I worked out of the house for a month – and I hope I’ll never have to do it again

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I made it! We made it! My four weeks of working full-time are over!

Almost two months ago we moved our family back to Stockholm, Sweden where we were married and began our life together. Marcus had just gotten his first post-college job, we had gotten an apartment and we were facing a few months of the hard transitioning from student loans and practically backpacking to finally settling down. It doesn’t sound that hard. But what with moving costs, deposit, buying furniture and all the extra knick-knack such as dishwasher salt, toilet brushes and the likes, it slowly amounts to quite a lot.

So evidently and inevitably, I needed to take a job to help balance our economy. And I wasn’t too excited about it. It’s not that I hate working, but I really had a hard time accepting that I’d have to turn over my baby to someone else during the day, even though it would only have to be for a short period.
I applied for and got a short-term local cleaning job. It was close and it was only four weeks. It was perfect. We worked it out with Marcus’ family to help babysit. We were all set.

The first day was not fun but after that it was surprisingly easy. I left Baby in the morning and came back home, and Baby didn’t really seem to care too much. I really came to like my job and my colleagues. It became a routine. And the month went by quickly.

And yet I hope I’ll never ever have to do it again.

It has definitely been refreshing to have more time to myself and I’m sure if you turn it some certain way you could argue that it’s been healthy for Baby too. But these four weeks have only motivated me to work even harder to avoid ever having to leave my child for a job ever again.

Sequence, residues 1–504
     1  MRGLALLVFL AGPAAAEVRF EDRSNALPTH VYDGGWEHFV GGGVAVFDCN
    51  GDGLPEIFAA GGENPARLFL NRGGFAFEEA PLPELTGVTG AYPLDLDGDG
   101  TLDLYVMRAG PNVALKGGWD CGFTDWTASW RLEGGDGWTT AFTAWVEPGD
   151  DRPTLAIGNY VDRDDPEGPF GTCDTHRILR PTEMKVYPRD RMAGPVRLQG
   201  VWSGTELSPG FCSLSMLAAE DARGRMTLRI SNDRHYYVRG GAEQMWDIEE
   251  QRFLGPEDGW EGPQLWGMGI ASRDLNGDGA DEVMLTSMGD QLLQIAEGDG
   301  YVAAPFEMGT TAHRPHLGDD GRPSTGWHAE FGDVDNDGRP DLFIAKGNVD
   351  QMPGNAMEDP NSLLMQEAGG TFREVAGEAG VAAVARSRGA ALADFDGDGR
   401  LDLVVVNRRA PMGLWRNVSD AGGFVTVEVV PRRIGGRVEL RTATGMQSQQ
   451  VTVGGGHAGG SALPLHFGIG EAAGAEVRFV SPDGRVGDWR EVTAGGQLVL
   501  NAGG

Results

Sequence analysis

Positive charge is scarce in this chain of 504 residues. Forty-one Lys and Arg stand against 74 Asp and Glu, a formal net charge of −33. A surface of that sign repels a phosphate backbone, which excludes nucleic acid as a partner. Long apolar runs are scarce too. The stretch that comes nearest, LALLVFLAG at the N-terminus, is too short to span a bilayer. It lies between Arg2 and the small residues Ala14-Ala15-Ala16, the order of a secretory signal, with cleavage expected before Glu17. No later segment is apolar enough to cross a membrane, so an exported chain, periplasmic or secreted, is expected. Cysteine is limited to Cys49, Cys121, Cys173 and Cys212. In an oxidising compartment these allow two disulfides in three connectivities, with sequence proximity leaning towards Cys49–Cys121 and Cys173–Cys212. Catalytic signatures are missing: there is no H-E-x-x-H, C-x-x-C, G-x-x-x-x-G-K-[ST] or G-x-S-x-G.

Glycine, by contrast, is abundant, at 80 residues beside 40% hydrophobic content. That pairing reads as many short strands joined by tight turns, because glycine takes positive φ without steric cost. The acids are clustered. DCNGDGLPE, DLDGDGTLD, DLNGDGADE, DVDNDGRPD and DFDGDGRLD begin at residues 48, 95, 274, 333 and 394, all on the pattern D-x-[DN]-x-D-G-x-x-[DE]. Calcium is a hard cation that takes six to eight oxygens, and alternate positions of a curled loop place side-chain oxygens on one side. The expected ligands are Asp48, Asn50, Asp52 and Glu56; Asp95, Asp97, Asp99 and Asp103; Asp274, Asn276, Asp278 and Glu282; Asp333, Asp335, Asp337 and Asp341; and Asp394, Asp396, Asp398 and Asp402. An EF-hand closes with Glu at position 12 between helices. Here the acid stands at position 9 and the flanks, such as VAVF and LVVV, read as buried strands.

Can I be bold and share some of my reasons?

I took her for granted

The first thing I noticed that was different after I’d started working was how accustomed I’d become to the fact that I only had to take care of my daughter for a few hours every day. On weekends I noticed that I got impatient with her and caught myself counting how many hours were left before I could put her in bed. I’d become used to someone else dealing with the annoying things. Changing her stinky diapers, feeding her when she didn’t want to eat, making her fall asleep and even just giving her my full attention when really I had other things to do. It made me feel really sad that I was considering her a chore rather than a privilege.
And I didn’t really, but subconsciously something had changed.
It scared me once I realized. I don’t want to give myself reason to be annoyed with my kids – especially when it’s not at all their fault.

Practicality

Frankly, I’m in awe at how so many mothers can work full-time, be the mother of multiple kids and run a home at the same time. The other day I cleaned the bathroom after work. Between having dinner, putting Baby in bed and cleaning up after dinner. I felt so accomplished!